CSIR-National Aerospace Laboratories
National Aerospace Laboratories (NAL), a constituent of the Council of Scientific and Industrial Research (CSIR), India, established in the year 1959 is the only government aerospace R&D laboratory in the country’s civilian sector. CSIR-NAL is a high-technology oriented institution focusing on advanced disciplines in aerospace. CSIR-NAL has several advanced test facilities, and many of them are recognized as National Facilities. These are not only the best in the country, but are also comparable to other similar facilities in the world. CSIR-NAL has provided significant value added inputs to all the Indian national aerospace programmes. Its contributions over the last five decades have enabled it to create a niche for itself in advanced aerospace research and technology development. CSIR-NAL has also developed many critical technologies for the strategic sector and continues to support the mission-mode programmes of the country.
CSIR-NAL’s mandate is to develop aerospace technologies with strong science content, design and build small, medium sized civil aircraft, and support all national aerospace programmes
Aerial Views of the two NAL campuses: Kodihalli and Belur
Major R&D Discipline
- Computational fluid dynamics
- Experimental aerodynamics
- National Trisonic Aerodynamic Facilities
- Flight mechanics and control
- Structural design, analysis and testing
- Structural dynamics and integrity
- Surface modification
- Aerospace materials
- Aerospace electronics and instrumentation
- Civil aviation
- Parallel processing computers
- Meteorological modeling
- Wind energy
- Manufacturing technology
- Information systems
The story of CSIR-NAL began on June 1, 1959, when the National Aeronautical Research Laboratory (NARL) was set up in Delhi, with Dr.P Nilakantan as its first Director. Barely nine months later, in March 1960, it made its humble beginning by setting up its office in the stables of the Mysore Maharaja's Palace on the Jayamahal Road and the Palace Road as National Aeronautical Laboratory. The first Executive Council was chaired by JRD Tata and was studded with luminaries such as Prof.Satish Dhawan and the legendary designer Dr.V M Ghatge. Originally started as National Aeronautical Laboratory, it was renamed as National Aerospace Laboratories (NAL) in April 1993 to reflect its growing involvement in the Indian space programme, its multidisciplinary activities and global positioning. The journey has been a long and fulfilling one, with accomplished and eminent Directors at the helm, each adding hues to the spectrum of CSIR-NAL.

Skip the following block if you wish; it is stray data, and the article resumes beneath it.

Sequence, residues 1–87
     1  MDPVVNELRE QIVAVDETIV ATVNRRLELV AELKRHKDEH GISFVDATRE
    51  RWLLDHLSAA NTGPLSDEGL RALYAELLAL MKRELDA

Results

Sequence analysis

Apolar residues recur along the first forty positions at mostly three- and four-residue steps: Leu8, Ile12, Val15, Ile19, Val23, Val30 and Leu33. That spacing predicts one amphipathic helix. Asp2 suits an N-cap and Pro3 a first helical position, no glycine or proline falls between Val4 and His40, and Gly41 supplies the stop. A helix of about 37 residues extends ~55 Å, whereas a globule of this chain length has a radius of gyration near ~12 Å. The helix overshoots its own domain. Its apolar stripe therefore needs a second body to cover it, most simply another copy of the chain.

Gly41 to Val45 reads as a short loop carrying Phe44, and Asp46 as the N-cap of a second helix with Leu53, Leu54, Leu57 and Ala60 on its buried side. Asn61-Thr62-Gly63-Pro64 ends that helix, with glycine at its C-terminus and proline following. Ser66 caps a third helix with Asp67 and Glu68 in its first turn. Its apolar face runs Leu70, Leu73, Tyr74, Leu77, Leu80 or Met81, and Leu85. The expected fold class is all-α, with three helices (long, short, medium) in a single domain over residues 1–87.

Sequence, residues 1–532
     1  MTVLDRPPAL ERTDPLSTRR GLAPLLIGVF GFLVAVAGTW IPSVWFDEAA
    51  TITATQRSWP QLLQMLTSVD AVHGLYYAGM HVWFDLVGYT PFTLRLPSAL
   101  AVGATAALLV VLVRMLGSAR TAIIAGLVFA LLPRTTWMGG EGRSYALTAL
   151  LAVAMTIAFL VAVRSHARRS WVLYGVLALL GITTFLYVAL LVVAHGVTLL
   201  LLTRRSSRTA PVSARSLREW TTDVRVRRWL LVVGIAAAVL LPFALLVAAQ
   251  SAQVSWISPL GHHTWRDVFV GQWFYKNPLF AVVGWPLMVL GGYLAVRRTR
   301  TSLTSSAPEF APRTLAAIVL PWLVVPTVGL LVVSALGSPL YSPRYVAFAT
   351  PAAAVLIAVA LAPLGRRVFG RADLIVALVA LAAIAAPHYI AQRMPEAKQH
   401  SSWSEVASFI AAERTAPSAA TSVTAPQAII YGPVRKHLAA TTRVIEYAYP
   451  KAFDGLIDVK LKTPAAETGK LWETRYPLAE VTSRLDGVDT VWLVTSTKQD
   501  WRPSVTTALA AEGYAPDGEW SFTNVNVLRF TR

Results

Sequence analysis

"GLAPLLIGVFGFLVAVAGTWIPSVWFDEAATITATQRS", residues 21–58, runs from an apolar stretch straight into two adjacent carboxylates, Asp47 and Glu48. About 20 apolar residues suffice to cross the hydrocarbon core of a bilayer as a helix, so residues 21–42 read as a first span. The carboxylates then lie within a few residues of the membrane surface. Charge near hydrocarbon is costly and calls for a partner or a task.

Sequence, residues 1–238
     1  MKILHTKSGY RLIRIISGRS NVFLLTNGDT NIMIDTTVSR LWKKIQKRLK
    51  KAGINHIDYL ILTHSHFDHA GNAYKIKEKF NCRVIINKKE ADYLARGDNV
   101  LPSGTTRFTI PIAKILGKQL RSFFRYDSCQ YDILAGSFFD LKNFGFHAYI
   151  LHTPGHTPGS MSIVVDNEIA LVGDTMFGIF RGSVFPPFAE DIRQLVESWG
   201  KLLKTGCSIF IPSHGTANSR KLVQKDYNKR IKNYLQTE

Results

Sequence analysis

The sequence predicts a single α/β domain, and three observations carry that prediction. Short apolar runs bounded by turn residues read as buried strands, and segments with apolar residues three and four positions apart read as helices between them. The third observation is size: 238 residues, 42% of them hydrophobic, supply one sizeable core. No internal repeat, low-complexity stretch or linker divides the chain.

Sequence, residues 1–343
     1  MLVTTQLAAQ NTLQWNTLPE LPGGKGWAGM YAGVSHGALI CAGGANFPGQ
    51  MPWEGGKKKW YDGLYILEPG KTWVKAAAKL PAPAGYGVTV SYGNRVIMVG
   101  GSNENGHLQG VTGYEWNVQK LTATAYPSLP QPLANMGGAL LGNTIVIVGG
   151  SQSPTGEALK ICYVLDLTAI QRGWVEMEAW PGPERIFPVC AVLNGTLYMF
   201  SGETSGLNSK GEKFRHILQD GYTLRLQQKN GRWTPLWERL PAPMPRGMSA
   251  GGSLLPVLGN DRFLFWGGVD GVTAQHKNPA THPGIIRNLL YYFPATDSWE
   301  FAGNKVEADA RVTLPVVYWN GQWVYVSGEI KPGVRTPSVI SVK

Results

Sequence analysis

CSIR-NAL today is spread across two campuses, five kilometers apart. Each campus has an area of about 100 acres. Both these campuses are interconnected with high-speed computer networks for exchange of scholarly communication. Physical connectivity between the campuses is operated via shuttle bus operations.
The Jayamahal Road Building was actually a stable of the Mysore Maharaja's Palace!
M S Thacker, DG-CSIR, laid the foundation stone of the Wind Tunnel Centre (WTC) on 2 July 1961.
NAL's first major project was to be the establishment of a WTC at the Belur Campus